Hostile? Where does he get hostile? Okay. Maybe I’m high-strung. I’ll give him that. But at our house, we yell when we’re happy, we yell when we’re upset, we yell when we want someone to pass the remote. It’s what we Catalanos do.

I look down at the paper in my hand. I guess Joey must’ve called the cops.

Ya think?

I feel like I’ve just done a belly flop on dry land. My parents are going to freak. They already grounded me, indefinitely, after Joey’s mom called Saturday morning to scream about the postparty car fire caused by yours truly. And now there’s a restraining order. At this point, my parents will lock me in a tower until I graduate from high school next June. For a brief second I wonder if I can keep the whole thing a secret. Yeah, right, like that’ll ever work. I couldn’t even burn a box of memories without the police getting involved. I don’t know what’s happening with me lately.

Maybe it’s a mistake, I say.

Matty grabs the three-page document from me. Right. This is for the other Rosalita Ariana Catalano Joey dated, who also blew up his car.

I cross my arms and scowl as Matty scans the page. I’ve got to talk to him.

You’re to stay away from Joey’s house, his job. There’s to be no written, personal, or electronic communication with the complaining witness by you or anyone you know. He pauses. It actually says you are prohibited from returning to the scene of the violence.

I’ve got to talk to him, I repeat.

Have you been listening? Matty waves the papers in my face. Restraining order.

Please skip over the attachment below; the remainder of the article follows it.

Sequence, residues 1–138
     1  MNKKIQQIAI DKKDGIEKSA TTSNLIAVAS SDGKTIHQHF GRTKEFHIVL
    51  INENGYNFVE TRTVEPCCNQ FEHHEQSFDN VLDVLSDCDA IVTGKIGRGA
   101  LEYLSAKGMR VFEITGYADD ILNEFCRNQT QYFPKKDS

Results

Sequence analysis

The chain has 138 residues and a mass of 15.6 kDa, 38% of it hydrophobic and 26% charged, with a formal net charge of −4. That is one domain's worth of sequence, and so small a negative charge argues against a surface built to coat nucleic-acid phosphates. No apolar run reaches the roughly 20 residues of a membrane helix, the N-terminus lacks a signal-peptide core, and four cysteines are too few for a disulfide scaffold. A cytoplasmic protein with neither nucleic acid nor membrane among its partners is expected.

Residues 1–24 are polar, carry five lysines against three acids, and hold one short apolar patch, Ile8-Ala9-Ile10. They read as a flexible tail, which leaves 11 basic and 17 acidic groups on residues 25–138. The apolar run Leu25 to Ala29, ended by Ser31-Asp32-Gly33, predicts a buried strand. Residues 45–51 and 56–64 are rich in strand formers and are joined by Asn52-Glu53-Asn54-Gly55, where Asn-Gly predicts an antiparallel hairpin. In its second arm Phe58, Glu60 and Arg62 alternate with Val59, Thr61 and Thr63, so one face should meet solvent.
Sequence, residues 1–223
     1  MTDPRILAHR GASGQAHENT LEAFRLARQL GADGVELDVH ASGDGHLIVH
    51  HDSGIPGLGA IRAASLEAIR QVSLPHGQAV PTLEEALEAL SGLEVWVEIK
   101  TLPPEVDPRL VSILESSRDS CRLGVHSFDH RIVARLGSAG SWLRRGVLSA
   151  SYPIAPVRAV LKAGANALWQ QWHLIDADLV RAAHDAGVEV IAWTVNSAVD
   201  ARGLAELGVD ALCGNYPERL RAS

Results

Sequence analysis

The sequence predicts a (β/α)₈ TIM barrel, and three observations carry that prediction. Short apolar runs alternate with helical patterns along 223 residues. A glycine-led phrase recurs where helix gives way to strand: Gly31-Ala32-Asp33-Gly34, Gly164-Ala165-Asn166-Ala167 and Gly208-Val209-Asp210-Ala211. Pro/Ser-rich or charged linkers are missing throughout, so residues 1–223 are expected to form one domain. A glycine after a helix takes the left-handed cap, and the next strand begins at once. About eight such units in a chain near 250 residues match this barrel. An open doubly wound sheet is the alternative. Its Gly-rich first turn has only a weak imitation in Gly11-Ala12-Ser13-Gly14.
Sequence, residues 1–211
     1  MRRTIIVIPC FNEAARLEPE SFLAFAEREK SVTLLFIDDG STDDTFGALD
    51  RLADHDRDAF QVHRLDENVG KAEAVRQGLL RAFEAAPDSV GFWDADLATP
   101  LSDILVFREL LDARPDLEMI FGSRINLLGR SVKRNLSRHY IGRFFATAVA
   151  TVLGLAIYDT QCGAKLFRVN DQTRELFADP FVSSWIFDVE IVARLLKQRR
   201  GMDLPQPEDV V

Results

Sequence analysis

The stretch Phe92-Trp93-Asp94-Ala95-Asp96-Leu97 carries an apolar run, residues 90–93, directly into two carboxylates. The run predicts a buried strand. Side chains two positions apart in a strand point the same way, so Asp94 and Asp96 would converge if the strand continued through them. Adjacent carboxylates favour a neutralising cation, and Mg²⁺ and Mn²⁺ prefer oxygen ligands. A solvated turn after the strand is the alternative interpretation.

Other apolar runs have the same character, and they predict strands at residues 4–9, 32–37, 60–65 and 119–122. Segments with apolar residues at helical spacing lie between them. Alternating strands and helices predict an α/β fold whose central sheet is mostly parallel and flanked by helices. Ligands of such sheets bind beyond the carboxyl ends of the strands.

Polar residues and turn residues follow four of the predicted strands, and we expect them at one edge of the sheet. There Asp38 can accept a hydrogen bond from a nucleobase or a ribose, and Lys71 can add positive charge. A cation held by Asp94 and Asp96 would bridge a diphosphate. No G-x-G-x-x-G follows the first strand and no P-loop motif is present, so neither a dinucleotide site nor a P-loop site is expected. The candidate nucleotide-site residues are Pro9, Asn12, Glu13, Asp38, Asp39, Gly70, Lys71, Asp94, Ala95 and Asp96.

But if I can just explain—

Save it for your court date in two weeks.

What? Court date? I snatch the papers from him and start flipping through the pages, but my eyes won’t settle on any words. Fruity Pebbles rise in my throat and I start to sweat. I suddenly want to throw something at the TV screen. The View is on—leave it to Matty. Now I have the urge to throw something at the whiny one’s head. Maybe I do have anger issues.

I hand the TRO back to Matty. I can’t find it.

Right here, he says, pointing to the correct page. You’ve been ordered to appear before Superior Court Judge Tomlinson in Essex County, New Jersey, to address the allegations of, let’s see, criminal trespass, criminal mischief, harassment, and stalking. Stalking?

I cover my eyes with both hands. I think I’m either going to vomit or cry. At the moment, I can’t decide which would make me feel better. I part my fingers to look at Matty. It was only a few e-mails and texts.

A few?

And maybe I showed up at ShopRite once or twice when he was getting off work.

Good way to keep busy after a breakup. Hoping incarceration would fill those empty hours? Matty says.

He looks as pained as I feel, which is why I need food. I walk into the kitchen and begin opening cabinets in search of the perfect snack to calm me down. Let’s see. Temporary restraining order . . . I bypass the pretzels and head straight for the Double Stuf Oreos. I tear open the new package, which rouses Pony, our ninety-pound Lab mix, who’d been sleeping under the kitchen’s central-air duct. I smile when he turns his head quizzically as if to say, Did I hear food?

Some watchdog, I say in the baby-talk voice I use when speaking to my pooch and for which Eddie, my brother, always makes fun of me. Where were you ten minutes ago when the police were at the door? Cookies are a different story, huh?

Pony saunters over to the counter and nudges my elbow with his big wet nose until I relent. Sugary foods are bad for dogs, but I can’t resist his pleading eyes. Only one, big guy, I say. He gently takes the Oreo and swallows it in a single gulp. Matty comes into the kitchen just as I’m about to pour myself some milk.